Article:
Taking on the challenge of access to affordable healthcare

Curtis Palmer
Curtis Palmer
Lia Schroeder
Lia Schroeder
Alan Yoneshige
Alan Yoneshige

By Duane Shimogawa - bio | email

KAHUKU (KHNL) - A big challenge for small communities in Hawaii is getting access to affordable healthcare.

But a few community organizations are doing their part to bridge the gap.

The Hawaii and Texas Air National Guards, the Hawaii Department of Health, the Kahuku Medical Center, along with other community organizations helped make Wednesday a fulfilling one for many North Shore residents.

It's called Hawaii Medical Innovative Readiness Training or Hi-Mart.

They give small, rural communities free health care services like dental, vision and physical screenings. At the same time, they gain valuable experience.

"It is a really good feeling because this is part of one of the reasons why most of us join the guard was to give back to our communities because this is our home, taking care of our communities is a good thing," Event coordinator Curtis Palmer said.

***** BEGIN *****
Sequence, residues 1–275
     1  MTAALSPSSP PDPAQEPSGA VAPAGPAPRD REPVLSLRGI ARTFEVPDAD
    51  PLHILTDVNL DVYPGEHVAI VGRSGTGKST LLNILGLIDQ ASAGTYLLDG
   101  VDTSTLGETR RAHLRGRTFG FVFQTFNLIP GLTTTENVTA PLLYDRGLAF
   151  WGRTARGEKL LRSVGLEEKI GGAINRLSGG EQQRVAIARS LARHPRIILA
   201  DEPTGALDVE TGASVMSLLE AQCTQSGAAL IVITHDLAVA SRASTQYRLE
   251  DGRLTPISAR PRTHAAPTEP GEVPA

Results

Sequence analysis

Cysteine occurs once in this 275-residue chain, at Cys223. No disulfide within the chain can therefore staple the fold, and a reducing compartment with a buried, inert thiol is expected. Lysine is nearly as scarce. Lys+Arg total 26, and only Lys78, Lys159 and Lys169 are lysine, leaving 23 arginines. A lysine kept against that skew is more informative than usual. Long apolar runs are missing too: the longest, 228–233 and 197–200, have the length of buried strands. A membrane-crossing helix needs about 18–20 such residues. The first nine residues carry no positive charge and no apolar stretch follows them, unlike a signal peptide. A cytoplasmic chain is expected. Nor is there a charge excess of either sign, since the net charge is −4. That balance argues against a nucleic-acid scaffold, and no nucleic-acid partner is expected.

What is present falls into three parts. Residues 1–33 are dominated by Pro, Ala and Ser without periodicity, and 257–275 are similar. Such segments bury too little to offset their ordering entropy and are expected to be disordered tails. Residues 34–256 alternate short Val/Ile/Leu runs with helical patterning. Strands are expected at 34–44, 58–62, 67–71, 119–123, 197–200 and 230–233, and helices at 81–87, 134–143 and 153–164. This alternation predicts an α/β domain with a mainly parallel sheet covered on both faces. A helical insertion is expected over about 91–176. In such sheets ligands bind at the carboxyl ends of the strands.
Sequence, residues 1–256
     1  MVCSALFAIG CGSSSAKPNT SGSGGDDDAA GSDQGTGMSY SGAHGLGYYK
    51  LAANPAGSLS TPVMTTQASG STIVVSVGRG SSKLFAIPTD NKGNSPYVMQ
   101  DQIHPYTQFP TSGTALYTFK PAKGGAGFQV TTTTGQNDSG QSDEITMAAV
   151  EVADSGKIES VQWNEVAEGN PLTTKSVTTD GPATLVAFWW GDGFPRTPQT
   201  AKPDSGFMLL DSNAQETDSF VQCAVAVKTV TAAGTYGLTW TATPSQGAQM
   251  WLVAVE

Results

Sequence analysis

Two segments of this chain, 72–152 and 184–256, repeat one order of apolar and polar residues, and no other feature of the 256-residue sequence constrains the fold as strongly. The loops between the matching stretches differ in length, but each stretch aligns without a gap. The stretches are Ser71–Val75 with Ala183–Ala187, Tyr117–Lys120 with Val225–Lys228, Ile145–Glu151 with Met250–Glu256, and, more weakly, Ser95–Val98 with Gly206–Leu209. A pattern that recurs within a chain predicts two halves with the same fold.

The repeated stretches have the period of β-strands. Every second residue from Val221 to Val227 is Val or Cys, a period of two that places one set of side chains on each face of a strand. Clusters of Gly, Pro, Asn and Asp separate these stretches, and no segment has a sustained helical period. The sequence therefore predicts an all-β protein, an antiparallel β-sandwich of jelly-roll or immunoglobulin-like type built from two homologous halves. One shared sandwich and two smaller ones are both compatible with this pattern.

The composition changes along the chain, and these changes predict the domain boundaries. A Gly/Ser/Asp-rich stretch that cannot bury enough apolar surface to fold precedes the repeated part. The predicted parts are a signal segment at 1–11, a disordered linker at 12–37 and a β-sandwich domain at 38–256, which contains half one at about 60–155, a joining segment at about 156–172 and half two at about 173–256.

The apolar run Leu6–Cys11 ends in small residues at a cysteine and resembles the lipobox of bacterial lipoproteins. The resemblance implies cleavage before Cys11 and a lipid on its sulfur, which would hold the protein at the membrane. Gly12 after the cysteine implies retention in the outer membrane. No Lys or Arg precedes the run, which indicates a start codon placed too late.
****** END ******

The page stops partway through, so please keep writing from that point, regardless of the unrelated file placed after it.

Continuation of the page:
Lia Schroeder and her daughter Maya are just some of the families who benefit from this community health fair.

"Sometimes you're looking at a month wait just to have a child's teeth looked at and there's pain involved, they say the soonest we can get you in is a month, really not an ideal situation for a child," Schroeder said.

For the ones giving the care, it's a way of giving back to the places they came from.

"It's reaching out to the communities, considering what's going on in the world militarily and to have this opportunity to provide services to the community is just a good feeling," Therapist Alan Yoneshige said.

Schroeder and her daughter got their teeth checked on Wednesday. It's something they've been meaning to do for awhile.

"Yeah, our initial reaction is yeah, wish it could be a little more often and happy to rearrange our schedule to make sure we could be apart of it," she said.

Hand in hand, reaching new heights to help more people get access to affordable healthcare.

This was the third and final community health fair of the year. In Kahuku alone, they've given care to more than a thousand people. They've visited Waianae and the Ewa Plain earlier this year.